Do we kill the harpy matron, or do we let her go? How do we persuade Tyrus Blackhorn to help us? Are we really so gung-ho about interrogation that we'll gleefully do so to get information out of the Scarlet Onslaught? Or if we're asked to torture someone in the name of the Kirin Tor? Do we really want to let Thalen Songweaver go ... or would we rather leave him rot in Theramore's prison?
These types of quests don't pop up terribly often, which prompts the question; just what are these moral choices for, exactly?
The Godmother over at ALT:ernative brought this up in a recent post and suggested perhaps those moral choice quests aren't as randomly arbitrary as they seem, suggesting Blizzard is perhaps keeping track of the choices that players make in order to gather data to use for future quest content. This is actually a fascinating idea, regardless of whether or not it's correct. If we as players react strongly one way or another to a moral choice, choosing one path hands down over the other, then that would suggest the alternative path isn't one that would be embraced as an actual quest in game.
And The Godmother brings up one of the strongest moral choices we have to make in Mists as an example. In the midst of all of those charming Tillers quests, there's one in which Gina Mudclaw asks for your assistance collecting debts from the residents of Halfhill. While you're off collecting the debts, you can choose to pay off a debt for an NPC, or you can threaten them into paying. Which brings us to the only pandaren in Mists that I absolutely cannot stand -- Spicemaster Jin Jao.
Pandaren are by and large pleasant to talk to, even if some like the Shado-Pan can be prickly at times. But Spicemaster Jin Jao gives me the creeps with his thinly-veiled suggestions regarding Gina. And without fail, every time I came across this quest and had to choose between paying off or threatening the guy, I'd choose threaten. Every single time. I have no idea if he and Gina are actually pretty good buddies, or if maybe Gina has perhaps given him the wrong idea. There could be a totally rational explanation for how he speaks. But because he comes off as creepy, I will happily continue threatening him.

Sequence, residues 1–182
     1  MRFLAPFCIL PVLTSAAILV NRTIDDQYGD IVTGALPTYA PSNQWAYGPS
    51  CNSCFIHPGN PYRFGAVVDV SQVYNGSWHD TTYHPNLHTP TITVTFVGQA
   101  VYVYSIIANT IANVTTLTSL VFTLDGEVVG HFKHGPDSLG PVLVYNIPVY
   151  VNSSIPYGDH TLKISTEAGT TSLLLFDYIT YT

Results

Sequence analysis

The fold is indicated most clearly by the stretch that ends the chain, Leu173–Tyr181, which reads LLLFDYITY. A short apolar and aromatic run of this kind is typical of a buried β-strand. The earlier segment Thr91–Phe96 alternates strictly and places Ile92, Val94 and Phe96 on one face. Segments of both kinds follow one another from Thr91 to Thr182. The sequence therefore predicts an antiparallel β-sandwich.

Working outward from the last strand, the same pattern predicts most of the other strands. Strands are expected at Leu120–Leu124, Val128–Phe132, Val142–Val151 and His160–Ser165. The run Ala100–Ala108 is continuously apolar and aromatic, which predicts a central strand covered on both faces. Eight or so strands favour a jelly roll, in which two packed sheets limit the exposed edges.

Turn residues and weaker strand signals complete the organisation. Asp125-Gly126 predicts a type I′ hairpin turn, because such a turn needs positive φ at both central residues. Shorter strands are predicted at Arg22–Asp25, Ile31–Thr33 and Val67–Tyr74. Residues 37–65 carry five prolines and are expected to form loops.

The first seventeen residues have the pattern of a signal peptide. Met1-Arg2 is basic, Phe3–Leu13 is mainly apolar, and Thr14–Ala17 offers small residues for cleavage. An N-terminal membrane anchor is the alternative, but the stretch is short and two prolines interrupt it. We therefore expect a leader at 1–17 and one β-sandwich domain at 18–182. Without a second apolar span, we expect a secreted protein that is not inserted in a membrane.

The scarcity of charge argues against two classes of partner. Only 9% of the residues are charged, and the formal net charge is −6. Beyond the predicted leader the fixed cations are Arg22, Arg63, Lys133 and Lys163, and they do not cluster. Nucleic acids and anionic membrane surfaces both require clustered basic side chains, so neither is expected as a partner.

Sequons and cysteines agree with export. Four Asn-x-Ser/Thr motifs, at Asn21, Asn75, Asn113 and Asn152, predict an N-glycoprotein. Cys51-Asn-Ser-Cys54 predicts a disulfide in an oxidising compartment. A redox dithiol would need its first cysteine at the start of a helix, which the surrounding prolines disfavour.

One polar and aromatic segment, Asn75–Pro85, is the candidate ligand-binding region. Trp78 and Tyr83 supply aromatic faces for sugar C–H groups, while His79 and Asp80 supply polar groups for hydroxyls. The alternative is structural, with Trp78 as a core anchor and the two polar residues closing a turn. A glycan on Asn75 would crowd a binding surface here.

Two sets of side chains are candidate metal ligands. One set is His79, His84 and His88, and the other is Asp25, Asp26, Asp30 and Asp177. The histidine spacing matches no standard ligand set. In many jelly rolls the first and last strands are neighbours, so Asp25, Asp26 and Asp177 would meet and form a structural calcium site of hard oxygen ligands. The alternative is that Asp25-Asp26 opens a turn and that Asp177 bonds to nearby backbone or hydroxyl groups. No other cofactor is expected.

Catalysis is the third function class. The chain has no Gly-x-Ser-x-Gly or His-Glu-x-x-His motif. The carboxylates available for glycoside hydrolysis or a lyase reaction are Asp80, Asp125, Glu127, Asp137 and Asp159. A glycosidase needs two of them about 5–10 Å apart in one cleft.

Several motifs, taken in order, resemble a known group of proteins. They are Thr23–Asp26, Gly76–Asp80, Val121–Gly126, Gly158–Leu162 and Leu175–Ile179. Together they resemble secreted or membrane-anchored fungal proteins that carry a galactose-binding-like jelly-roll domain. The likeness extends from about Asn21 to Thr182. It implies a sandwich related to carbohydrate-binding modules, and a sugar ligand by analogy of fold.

In the case of Thalen Songweaver -- what happens if we simply decide not to let him go and leave him to rot in Theramore? At the moment, there aren't any consequences for that decision, although he threatens that the Sunreavers won't be pleased if you decide not to let him go. In truth, the moral decision doesn't have any effect on the outcome of the scenario ... so why was that choice given to begin with?
The Godmother's blog post is a pretty fascinating read, and it definitely brings up more questions than it answers. What do you think of the moral choices in game? Should we have more of these moral quandaries to puzzle out? Should they play a larger part? Should these moral choices actually have consequences we have to deal with after we've made them? And why do you think they are in the game to begin with?
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